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Monday, September 2, 2013
Maratona Del Golfo Capri-Napoli - Results & Strategy
He certainly looks comfortable and relaxed in the open water whether the conditions are calm or rough, especially at today's season-ending Maratona del Golfo Capri-Napoli.
The tall professional swimmer from Belgium swings his arms methodically over tranquil or turbulent seas in the same powerful way, anchored by a rock-solid core and strong kick.
Earlier in the week, he won the 1 km sprint and was primed for the 36 km race. And he came through in the Mediterranean Sea where the outcome was no different. Ryckeman won the FINA Open Water Swimming Grand Prix professional marathon swim over Evgenij Pop Acev and Joanes Hedel of France.
"The race was a little bit of a roller coaster for me," explains Ryckeman. "I got sick after 90 minutes because of the carbs, waves, and salt water and vomit a few times. After 2 hours 30 minutes, the current changed and the sea was flat so then I felt good again. Over the last 2 hours, when the waves returned, I got sick again. I didn't eat or drink anymore in the last hour and a half, but still felt strong going into the finish.
The race itself was pretty slow at the beginning for the first 30 minutes. Hedel went to the left side and the group went on the right. Hedel swam faster and opened up a gap. I closed it, but we were still separated by about 400 meters. We were on the same line again while I had the feeling that the pack was watching my moves.
When I swam to the boat to get a drink, everybody followed me to my escort boat. At that point, I decided that I had better leave the pack and swim over to Hedel. If I didn't change my plan, my fear was that Hedel who swims at a constant pace would create too large of a gap, especially if our pack did not keep a constant pace. I finally managed to leave the pack when Ercoli made his move. The whole group followed him, but only the Macedonian Pop Acev followed me.
We both swam over to Hedel. We immediately agreed to each swim 5 minutes in front switching in rotation. The French coach had a GPS and showed me afterwards that we swam for 2 hours at a pace of 1:07.8 average per 100 meters. That is pretty fast after 3 hours. We really worked excellent together and had a good understanding with each other. This was the reason we made a 300 to 400-meter gap on the other pack.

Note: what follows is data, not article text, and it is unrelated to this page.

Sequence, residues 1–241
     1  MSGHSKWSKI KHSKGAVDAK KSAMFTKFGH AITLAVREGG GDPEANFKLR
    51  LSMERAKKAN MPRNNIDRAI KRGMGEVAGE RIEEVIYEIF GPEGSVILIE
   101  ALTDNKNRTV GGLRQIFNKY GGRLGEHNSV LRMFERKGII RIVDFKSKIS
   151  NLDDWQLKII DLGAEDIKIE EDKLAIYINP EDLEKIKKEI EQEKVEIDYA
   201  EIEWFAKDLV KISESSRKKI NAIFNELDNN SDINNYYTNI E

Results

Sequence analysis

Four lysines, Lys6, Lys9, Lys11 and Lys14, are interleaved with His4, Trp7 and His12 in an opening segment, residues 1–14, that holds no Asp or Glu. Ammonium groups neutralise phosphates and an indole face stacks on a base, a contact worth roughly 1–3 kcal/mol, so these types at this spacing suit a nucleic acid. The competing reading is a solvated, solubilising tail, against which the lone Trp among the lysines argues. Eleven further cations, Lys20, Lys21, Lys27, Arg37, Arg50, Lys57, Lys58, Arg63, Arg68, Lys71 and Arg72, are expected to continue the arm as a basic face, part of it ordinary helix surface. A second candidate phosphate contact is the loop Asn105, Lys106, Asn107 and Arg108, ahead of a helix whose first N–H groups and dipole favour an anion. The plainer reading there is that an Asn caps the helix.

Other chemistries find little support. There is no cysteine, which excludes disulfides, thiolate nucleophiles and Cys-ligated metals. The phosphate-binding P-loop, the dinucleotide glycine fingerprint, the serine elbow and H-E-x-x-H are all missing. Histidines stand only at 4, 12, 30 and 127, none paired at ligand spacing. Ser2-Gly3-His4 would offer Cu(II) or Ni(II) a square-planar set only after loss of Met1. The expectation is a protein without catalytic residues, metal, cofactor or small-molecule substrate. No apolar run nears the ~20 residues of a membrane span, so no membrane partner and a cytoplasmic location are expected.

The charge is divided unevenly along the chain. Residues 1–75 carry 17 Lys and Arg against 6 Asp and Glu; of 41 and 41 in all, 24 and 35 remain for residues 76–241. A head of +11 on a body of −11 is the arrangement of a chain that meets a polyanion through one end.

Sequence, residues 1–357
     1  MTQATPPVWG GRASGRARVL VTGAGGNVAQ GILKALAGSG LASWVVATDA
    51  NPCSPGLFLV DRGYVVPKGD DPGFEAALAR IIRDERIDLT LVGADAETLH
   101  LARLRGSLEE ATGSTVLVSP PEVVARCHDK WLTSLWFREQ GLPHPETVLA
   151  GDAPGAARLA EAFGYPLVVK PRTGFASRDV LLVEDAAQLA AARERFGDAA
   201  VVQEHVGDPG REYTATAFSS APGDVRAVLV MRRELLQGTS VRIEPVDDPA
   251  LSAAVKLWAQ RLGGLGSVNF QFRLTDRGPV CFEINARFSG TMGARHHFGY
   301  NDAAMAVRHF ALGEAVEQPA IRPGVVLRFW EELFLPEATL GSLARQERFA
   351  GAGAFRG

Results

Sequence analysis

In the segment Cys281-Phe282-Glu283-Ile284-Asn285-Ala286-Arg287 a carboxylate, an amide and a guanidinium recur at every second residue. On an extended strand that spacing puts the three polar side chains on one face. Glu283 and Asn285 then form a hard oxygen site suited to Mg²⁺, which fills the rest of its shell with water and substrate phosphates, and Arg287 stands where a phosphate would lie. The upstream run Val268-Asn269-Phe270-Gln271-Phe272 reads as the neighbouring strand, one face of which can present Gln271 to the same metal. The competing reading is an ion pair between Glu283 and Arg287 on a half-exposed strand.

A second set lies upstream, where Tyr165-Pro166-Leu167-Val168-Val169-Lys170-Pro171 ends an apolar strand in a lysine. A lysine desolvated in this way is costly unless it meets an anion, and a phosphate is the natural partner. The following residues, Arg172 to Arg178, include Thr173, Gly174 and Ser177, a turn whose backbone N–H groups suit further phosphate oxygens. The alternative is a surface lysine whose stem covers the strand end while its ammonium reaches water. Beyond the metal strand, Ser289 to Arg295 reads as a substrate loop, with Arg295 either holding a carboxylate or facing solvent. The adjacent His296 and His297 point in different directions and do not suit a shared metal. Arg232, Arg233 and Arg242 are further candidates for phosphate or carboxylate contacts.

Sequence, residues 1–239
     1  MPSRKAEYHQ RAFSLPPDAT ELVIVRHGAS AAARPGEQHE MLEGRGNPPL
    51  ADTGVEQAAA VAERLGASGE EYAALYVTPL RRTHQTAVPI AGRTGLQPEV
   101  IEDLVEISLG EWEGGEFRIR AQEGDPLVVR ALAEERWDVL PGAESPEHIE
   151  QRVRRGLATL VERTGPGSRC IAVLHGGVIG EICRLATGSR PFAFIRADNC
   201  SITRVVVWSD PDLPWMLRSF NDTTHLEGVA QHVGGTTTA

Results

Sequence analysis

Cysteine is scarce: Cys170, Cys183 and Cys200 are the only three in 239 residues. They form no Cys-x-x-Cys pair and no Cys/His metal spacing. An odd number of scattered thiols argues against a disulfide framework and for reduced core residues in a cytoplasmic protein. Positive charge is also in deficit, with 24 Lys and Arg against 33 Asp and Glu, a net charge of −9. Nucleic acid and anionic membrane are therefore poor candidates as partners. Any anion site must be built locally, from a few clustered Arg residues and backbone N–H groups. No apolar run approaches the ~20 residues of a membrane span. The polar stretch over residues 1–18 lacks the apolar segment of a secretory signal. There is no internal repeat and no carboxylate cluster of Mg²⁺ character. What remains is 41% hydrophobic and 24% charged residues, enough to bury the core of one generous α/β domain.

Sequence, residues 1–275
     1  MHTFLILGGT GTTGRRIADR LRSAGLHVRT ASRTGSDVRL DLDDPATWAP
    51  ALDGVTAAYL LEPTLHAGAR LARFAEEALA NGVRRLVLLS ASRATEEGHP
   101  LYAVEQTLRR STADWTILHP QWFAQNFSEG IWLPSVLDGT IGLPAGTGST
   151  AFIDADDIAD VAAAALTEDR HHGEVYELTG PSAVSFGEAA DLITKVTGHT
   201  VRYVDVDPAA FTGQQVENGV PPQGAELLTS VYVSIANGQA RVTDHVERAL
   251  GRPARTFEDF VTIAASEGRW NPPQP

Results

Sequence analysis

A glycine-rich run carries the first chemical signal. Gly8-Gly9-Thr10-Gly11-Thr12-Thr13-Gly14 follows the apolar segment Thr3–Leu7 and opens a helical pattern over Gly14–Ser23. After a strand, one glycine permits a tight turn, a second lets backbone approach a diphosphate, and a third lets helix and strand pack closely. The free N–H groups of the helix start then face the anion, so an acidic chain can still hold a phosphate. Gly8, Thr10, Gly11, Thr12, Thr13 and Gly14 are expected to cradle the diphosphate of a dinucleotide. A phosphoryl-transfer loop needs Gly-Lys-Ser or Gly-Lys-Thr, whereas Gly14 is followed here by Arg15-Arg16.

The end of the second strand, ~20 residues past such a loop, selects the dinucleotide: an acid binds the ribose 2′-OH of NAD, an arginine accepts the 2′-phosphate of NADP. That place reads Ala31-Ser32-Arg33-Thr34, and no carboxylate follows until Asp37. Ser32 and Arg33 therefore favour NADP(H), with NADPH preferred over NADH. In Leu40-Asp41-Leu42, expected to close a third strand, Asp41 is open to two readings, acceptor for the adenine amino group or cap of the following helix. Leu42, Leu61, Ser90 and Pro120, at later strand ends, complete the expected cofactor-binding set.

Over the last hour, I knew the trailing pack would not keep up and the winner would be one of us. I felt good and made my move the last 300 meters and am very happy that I won. The [FINA World Championship 25km and Capri-Napoli were my two goals this year. So I'm happy after the disasters of last year. I have managed to settle things right again."
The final results:
1. Brian Ryckeman (Belgium) 6:13:55
2. Evgenij Pop Acev (Macedonia) 6:14:01
3. Joanes Hedel (France) 6:14:28
4. Simone Ercoli (Italy) 6:16:48
5. Ivan Afanevic (Russia) 6:18:49
6. Guillermo Bertola (Argentina) 6:18:50
7. Libor Smolka (Czech Republic) 6:19:31
8. Matheus Evangelista (Brazil) 6:27:43
9. Tomi Stefanovski (Macedonia) 6:27:58
10. Damian Blaum (Argentina) 6:27:59
11. Tsvetan Yordanov (Bulgaria) 6:28:60
12. Marin Milan (Croatia) 6:46:30
13. Benjamin Konschak (Germany) 6:47:58
DNF Eduardo Stochino (Italy)
Copyright © 2013 by Open Water Swimming
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An Almanac for Open Water SwimmingAn almanac is essentially a body of knowledge which is so complete that it enables people in different fields to make predictions about the future of their respective industries.
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